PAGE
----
Tag Archives: India

Sati and the Civilising Mission

Andrea Major, University of Leeds The prohibition of sati (widow-burning) by Governor General Lord William Bentinck in December 1829 is often held up as one of the crowning achievements of the British colonial state in India. In a Monty Python … Continue reading

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Podcast: Other Times, Other Places – Parallels from Historical Research and International Practice

Institute for Voluntary Action Research in association with the Voluntary Action History Society on 7 December 2009 Georgina Brewis of the Institute for Volunteering Research John Hailey of City University ABSTRACT This seminar is about the past and the future … Continue reading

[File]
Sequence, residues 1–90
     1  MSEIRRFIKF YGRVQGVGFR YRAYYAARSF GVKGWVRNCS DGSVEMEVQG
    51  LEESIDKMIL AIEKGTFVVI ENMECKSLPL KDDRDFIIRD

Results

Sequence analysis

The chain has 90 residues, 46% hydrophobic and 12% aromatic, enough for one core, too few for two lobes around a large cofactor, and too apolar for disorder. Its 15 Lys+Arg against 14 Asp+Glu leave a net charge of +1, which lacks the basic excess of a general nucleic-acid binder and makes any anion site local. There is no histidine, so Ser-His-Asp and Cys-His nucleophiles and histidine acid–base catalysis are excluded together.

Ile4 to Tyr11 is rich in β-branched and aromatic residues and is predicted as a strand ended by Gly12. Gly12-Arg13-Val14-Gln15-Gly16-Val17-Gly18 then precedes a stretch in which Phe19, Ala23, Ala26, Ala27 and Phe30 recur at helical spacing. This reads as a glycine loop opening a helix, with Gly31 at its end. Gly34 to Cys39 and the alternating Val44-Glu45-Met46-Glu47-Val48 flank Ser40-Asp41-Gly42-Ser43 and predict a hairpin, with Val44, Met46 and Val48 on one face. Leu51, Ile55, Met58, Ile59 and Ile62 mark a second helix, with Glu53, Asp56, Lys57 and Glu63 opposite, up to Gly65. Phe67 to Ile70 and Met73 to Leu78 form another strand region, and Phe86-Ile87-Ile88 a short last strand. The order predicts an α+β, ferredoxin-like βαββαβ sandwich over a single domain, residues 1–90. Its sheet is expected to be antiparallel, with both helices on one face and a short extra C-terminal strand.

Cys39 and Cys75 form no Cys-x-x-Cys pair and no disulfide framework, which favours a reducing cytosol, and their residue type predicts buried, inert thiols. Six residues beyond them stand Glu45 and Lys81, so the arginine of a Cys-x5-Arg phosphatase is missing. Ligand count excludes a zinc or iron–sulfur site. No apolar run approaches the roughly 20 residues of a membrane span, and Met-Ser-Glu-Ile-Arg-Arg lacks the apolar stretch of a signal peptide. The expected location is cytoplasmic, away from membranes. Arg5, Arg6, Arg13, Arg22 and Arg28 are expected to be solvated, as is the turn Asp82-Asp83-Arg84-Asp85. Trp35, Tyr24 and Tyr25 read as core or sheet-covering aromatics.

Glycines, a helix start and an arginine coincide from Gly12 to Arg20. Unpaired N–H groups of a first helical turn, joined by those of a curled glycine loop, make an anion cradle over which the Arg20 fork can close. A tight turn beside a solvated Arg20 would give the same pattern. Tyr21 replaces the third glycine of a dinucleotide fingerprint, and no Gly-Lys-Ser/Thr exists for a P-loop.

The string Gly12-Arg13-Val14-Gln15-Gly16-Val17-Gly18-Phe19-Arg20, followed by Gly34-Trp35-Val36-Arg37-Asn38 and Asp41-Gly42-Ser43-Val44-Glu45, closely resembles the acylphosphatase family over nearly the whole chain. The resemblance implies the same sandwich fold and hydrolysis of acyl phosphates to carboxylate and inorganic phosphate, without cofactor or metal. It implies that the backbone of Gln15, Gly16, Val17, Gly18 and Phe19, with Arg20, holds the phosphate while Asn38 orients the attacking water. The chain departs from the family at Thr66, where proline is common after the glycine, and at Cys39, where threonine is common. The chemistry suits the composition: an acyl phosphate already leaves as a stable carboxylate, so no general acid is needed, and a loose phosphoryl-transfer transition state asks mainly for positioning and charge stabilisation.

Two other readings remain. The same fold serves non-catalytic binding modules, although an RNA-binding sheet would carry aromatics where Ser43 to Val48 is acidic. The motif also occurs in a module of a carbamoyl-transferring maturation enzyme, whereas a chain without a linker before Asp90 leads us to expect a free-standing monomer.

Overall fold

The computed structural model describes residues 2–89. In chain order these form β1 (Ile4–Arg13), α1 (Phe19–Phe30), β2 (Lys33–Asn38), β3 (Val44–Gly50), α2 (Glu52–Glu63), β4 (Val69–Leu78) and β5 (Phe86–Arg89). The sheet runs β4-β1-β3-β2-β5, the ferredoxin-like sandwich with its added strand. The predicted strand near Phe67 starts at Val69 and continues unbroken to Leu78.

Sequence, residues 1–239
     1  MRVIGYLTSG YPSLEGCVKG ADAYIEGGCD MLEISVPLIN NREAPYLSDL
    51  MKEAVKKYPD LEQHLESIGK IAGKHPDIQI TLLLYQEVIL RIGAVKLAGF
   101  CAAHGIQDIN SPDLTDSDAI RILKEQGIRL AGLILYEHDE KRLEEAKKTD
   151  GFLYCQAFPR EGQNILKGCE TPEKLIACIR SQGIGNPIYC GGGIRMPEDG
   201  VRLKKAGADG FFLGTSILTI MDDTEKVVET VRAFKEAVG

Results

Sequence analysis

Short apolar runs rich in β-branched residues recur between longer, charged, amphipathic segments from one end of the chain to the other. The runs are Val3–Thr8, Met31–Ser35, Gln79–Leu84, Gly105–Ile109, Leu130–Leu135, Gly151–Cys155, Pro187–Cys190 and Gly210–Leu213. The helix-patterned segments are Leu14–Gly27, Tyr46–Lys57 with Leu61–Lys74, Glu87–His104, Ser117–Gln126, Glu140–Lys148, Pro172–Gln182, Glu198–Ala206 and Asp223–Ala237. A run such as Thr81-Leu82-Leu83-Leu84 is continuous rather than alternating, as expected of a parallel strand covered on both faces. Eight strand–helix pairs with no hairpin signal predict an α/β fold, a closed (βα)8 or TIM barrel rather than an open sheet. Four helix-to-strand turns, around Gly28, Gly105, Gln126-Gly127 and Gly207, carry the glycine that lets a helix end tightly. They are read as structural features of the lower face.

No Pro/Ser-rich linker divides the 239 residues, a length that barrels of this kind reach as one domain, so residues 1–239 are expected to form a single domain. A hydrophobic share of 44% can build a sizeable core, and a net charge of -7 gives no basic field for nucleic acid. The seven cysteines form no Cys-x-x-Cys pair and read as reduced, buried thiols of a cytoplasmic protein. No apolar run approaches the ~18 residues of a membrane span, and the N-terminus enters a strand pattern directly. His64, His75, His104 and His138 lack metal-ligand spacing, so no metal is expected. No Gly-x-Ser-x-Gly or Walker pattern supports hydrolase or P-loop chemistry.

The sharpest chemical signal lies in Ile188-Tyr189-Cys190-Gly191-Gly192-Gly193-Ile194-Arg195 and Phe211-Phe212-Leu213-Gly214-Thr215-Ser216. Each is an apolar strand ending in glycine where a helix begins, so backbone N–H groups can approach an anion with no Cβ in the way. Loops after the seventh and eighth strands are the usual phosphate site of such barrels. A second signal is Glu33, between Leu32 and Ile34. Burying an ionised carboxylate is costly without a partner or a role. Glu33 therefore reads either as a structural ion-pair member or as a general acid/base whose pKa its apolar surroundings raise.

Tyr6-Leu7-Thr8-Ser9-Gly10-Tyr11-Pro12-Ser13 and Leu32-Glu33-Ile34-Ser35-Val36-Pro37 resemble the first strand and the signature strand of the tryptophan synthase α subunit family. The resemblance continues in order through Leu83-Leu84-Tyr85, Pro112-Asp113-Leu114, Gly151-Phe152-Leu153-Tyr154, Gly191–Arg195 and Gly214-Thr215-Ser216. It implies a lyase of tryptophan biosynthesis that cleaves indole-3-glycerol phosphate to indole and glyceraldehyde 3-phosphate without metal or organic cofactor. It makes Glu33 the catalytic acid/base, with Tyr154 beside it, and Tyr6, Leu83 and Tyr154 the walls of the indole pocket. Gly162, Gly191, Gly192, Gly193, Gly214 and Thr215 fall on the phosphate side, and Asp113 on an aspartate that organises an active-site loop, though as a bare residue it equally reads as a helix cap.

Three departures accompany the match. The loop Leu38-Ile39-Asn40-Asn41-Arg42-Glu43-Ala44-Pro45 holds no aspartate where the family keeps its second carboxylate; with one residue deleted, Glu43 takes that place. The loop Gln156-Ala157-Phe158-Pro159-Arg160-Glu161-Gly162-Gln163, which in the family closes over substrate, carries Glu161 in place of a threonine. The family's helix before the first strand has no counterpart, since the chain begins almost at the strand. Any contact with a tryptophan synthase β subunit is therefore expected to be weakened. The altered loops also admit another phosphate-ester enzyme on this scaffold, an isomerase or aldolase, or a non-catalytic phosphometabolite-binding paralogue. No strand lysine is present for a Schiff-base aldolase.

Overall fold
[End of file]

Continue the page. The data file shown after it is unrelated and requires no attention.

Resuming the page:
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Empire and Mission: Singing from the Same Hymn Sheet?

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Andrea Pass, University of Oxford In September 1947, amidst ‘the vast horror of fear and suffering’ in post-Partition Delhi, Dr Ruth Roseveare, an Anglican missionary of St Stephen’s Community, drew comfort from her knowledge of ‘a new Kingdom’ of Heaven … Continue reading

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Carols and Curry? Christmas in the Indian Mission Field

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Andrea Pass, University of Oxford It was certainly a far cry from turkey and plum pudding, a far cry from holly and mistletoe, and a far cry from candlelit carolling in a snowy English churchyard. For Christmas dinner in 1920, … Continue reading

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